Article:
You mentioned top-to-bottom productions, what else are you working on or looking forward to in 2018? 
          Yes! I have a music video coming out in the spring! But there's also the All Threads Festival (March 10). This year, I'm focusing on my live show, so you'll be seeing a lot of me around here! I have a proect that I plan to round out the year with, so 2018 will be a big year!


Tuesday, February 13, 2018

DEATH - Give It back




Detroit's proto-punk legends DEATH have released a new single today.



 "Give It Back" was recently unearthed from the depths of the DEATH archives. The song's lyrics have a re-energized urgency today, addressing the virtues of being environmentally conscious citizens of this planet and railing against the social dissolution we are all facing in the world today.

DEATH's latest is exemplary of their dynamic rock 'n' roll riffs, soulful grooves, an impassioned vocals, is a charged-up appeal that we, as fellow humans, start acting as a global society, and consider curtailing the status quo of always taking from the Earth, and instead, giving back to her.  , we as a society continue to take form mother Earth and now it's time to give back to her.

DEATH were a once-mythic-but-later-properly-celebrated Detroit rock trio of brothers, formed in 1971--way ahead of their time in terms of pioneering a blend of garage-rock, soul, punk and rock 'n' roll. They reformed in 2009, with a 2012 documentary film following soon after that told their story. More info 

Saturday, February 10, 2018

No More Cover Charge at The New Way Bar

On Friday, January 26, The New Way Bar's owner Jamie D'Angelo announced that there would be no more cover charges to see live music. Weeknights, weekends, any day, any show, free entry.

I just got off the phone with Jamie, and I'll be putting together a proper feature for the print pages of The Ferndale Friends soon, but I want to spoil something right away and tell you that the impetus to "make this leap," he said, came from a genuine belief that this bar is, and should always be, the "host" for local talent.

Without performing bands, Jamie said he wouldn't have been able to sustain his current run of the New Way Bar.


In fact, we're coming up on five years Jamie took over the New Way Bar. Over his first couple years, it became a more and more active spot on the scene for shows. And the idea to go all-free/all-the-time for their scheduled concerts has been gestating in the back of his head for quite a while, now.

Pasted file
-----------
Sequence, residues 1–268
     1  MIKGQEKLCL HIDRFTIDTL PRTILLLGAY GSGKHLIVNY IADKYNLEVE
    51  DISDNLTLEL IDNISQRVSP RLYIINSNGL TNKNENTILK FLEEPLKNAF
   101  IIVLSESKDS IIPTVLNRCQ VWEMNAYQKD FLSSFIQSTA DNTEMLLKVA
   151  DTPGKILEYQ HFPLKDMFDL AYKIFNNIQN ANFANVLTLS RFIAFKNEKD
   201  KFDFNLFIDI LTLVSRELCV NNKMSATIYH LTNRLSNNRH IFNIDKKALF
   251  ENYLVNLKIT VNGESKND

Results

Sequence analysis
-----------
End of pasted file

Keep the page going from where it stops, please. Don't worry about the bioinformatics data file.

It ties in to something I've been considering more and more these past five years - the risk of music and musicians being underappreciated and even devalued. I say "risk of," but I know that in the estimation of lots of artists, it's already happened... ...that music has become white noise in the background of a bar or a club or a gym, or something you trim into the intro's and outro's of podcasts or splash upon car commercials. We're at a moment in time where people expect music to just be accessible, and then just as easily passed-on.

That's why I'm encouraged after seeing Jamie make this move with the New Way Bar. Because, frankly, he had gotten tired of seeing folks come up to the door, see a required cover charge, and then turn away... Of course the hardcore music lovers in the scene will always come out, but it remains difficult to attract the casual club hopping individual who's just exploring the happening spots of a downtown on a given weekend night. If the New Way's door is always open, especially during all local music concerts, than a wider range of audience members can become acquainted with the myriad and diverse bands populating the greater SE Michigan arts community.

Experiencing music in a live incarnation is vital to a comprehensive appreciation of it. It's when you hear it, when you see its creators, live, right there, in the moment, propelled, that it grows from being just you appreciating music, and becomes you celebrating music. More than that, you're celebrating it as a group; you could be surrounded by perfect strangers, or your best friends, but the ceremony is still a shared experience. And that's what makes it memorable.